Yes, he was serving “his country” in a way that he thought “best,” fighting to help his ethnic people win the war that destroyed hundreds of thousands of our people and our nation. We know that he personally massacred people, and there’s no history that can erase that blood, whether he is dead or not. He is the equivalence of Charles Taylor or Samuel Doe or any other warlord of the times. Yes, he was doing what they wanted, but in the business of executing this duty, he became known as one of the horrible criminals of those terrible civil wars that spanned fourteen years. Like any good person with a forgiving heart, I am sad that he died too, like many of those he killed. That no matter what we do, we all die and go to that same unknown. I am saddened that he could have done better for his nation, and I wish he’d lived differently. Maybe, he too, was a victim of the Samuel Doe craz, but hey, he did not bring peace to our land, and was not even a Liberian Statesman.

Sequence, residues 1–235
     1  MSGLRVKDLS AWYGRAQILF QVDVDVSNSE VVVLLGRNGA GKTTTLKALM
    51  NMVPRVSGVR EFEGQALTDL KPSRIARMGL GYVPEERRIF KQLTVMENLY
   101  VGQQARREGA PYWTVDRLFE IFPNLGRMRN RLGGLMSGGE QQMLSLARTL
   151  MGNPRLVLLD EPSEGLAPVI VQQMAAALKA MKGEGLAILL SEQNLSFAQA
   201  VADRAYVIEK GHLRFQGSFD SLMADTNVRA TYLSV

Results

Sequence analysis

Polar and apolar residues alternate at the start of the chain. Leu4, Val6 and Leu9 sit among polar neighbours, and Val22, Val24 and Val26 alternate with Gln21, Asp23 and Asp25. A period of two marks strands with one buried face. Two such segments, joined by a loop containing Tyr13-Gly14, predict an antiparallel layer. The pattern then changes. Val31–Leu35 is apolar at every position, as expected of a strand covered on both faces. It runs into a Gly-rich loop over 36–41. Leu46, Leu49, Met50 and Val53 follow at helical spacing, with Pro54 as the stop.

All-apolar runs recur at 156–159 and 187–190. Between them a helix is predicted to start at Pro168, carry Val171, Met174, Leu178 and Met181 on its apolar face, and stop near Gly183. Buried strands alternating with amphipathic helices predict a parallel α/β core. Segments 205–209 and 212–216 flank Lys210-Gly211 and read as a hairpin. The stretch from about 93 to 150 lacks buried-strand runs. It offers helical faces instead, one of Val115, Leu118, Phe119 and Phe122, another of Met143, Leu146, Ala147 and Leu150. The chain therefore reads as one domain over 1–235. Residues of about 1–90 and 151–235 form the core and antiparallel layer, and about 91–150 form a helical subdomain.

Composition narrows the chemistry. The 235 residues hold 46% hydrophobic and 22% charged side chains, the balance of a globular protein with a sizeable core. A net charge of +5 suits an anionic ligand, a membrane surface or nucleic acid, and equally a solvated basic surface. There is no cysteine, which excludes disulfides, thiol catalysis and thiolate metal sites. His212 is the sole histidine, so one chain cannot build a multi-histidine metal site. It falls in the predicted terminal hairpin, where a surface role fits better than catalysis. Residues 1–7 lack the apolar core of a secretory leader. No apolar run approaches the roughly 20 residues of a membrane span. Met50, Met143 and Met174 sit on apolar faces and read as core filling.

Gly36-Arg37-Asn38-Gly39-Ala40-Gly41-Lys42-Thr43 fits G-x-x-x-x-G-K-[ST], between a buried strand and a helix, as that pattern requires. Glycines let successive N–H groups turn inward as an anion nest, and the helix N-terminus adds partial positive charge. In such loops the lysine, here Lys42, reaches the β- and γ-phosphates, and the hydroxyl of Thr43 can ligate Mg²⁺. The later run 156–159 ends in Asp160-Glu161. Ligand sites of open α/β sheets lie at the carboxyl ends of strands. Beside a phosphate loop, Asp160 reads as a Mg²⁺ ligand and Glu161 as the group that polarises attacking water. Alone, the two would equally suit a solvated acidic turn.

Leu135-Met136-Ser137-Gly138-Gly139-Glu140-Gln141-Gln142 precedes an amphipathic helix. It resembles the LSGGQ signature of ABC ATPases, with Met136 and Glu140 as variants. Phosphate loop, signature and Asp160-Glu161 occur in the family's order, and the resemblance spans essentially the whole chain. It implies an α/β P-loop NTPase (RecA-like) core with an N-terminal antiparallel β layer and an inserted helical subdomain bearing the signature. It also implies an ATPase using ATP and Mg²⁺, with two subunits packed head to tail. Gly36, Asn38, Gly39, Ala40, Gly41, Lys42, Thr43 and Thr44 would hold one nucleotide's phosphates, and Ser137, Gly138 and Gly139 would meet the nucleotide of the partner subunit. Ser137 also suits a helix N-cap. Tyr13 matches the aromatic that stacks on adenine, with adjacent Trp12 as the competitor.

What is important and what I am glad about is that his death should not only throw light on his death; it must stir up other questions of war criminals who are still enjoying honor and respect from our nation simply because they have power. President Sirleaf will be judged by how she takes seriously all of the recommendations of the Truth Commission, which includes allowing those who destroyed out nation to face the consequences of their action. President Sirleaf, do not forget that the very people who are pleading with you today will be the ones to criticize you tomorrow about the very requests they are making. Do not heed them. Ironically, the very Liberians who believe in the TRC report that you should not run for a second term are the same ones who want to honor those who actually carried arms and orchestrated many massacres and killings throughout that bloody war. What in the name of God is going on here?